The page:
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Old 9th Apr 2014, 08:27   #9581 (permalink)
 
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A great graphic from the Washington Post, that really puts the problem into perspective. However, I'm amused to see that like most media sources, they can't get their heads around Metric to Imperial conversion.

The two whales can dive to precisely 3280' and 9816'? Really?

How about "about 1000 m" and "about 3000 m"?
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Old 9th Apr 2014, 08:28   #9582 (permalink)
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They would probably need to Sonar map the area from the surface before sending the Blue Fin down. So when the they decide to stop using the TPL-25. They will sonar map the area for sure with either HMS Echo purposely built for the job or an RAN ship which I'm not unsure if they are in the area. They Royal Australian Navy have I think 6 survey ships with 4 being hydrographic.
Surveying Ship (AGS) | Royal Australian Navy

Just looking at the Australian Navy website the 2 AGS vessels don't seem to have commanders at the moment so maybe they are in dry dock or servicing who knows. Or the website is out of date.
If that's the case the HMS ECHO will be it for sure.

Last edited by Sheep Guts; 9th Apr 2014 at 08:38.
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Old 9th Apr 2014, 08:32   #9583 (permalink)
 
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I'm thinking the main thing for it to do would be a good side scan sonar mapping, what depth can it do for that.
This could be the equipment for that task:

World's only three Abyss submarines sent to Indian Ocean for plane search - Telegraph
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Old 9th Apr 2014, 08:39   #9584 (permalink)
 
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what is really needed is another couple of boats to pick up the same signal at the same time to enable triangulation

at the moment it looks as if we're getting point detections - you sail towards the last one and listen and hope the next one comes from roughly the same direction
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Old 9th Apr 2014, 08:54   #9585 (permalink)
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Heathrow Harry,


Commodore Leavy said that P-3C Orions would drop sonar buoys in the water today around the area of the Ocean Shield search area. He was saying during the JACC news conference today the RAAF technicians had modified the sonar buoys to detect 37.5 KHZ signal. He described how when sonar buoys hit the water they drop on a 1000ft wire a hydrophone into the sea below.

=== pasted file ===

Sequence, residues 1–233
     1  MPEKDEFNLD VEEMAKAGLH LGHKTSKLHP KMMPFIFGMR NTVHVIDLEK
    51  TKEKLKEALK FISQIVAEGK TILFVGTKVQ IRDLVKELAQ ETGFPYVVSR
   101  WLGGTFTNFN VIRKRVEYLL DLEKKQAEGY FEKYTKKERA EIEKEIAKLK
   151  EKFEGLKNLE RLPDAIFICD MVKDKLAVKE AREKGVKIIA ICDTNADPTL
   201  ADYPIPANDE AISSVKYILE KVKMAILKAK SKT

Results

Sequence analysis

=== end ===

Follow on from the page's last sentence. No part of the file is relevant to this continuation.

They cant afford to have other vessels in the area as it contaminates the sound signature and introduces more background noises. The TPL-25 is towed a few Kilometres behind the vessel at around 2 knots. And all the Ocean shield unnecessary equipment is switched off.


So its a one ship job until the pinger is out of power and or they decide they have enough returns to calculate a reasonable search area.
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Old 9th Apr 2014, 09:08   #9586 (permalink)
 
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This could be the equipment for that task

Thanks "skadi" for that link.

World's only three Abyss submarines sent to Indian Ocean for plane search - Telegraph

It may explain why HMAS Toowoomba is making turns for her published maximum speed.
As shown on Marine Traffic she appears to be headed for Exmouth/Learmonth on Australia's North West Cape. Exmouth has a port and Learmonth is is a joint user facility with a runway (3,047m) suitable for large airplanes.

Live Ships Map - AIS - Vessel Traffic and Positions - AIS Marine Traffic
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Old 9th Apr 2014, 09:09   #9587 (permalink)
 
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Quote:
I think that calling it a "pinger" is a bit misleading.

It's a towed listening device - the sonar pings are produced by the main vessel

The reason it's towed is to keep it some kilometers from the ship noise so it has a wider area to listen to
innaflap,

Your reply is even more misleading!

The ADV Ocean Shield is NOT putting out any pings. The towed pinger locator is purely a passive device, listening for the 37.5 kHz ultrasound signal from the CVR and FDR pingers.

The reason the cable is very long (several thousand metres) is that it is the only way you can "fly" the towed pinger locator at its operational depth, when the Ocean Shield is moving at two or three knots. It is NOT to do with ship noise. The length of the cable is also the reason that turn arounds take so long. I read somewhere that much of the cable is reeled in before turning and then let out again.
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Old 9th Apr 2014, 09:10   #9588 (permalink)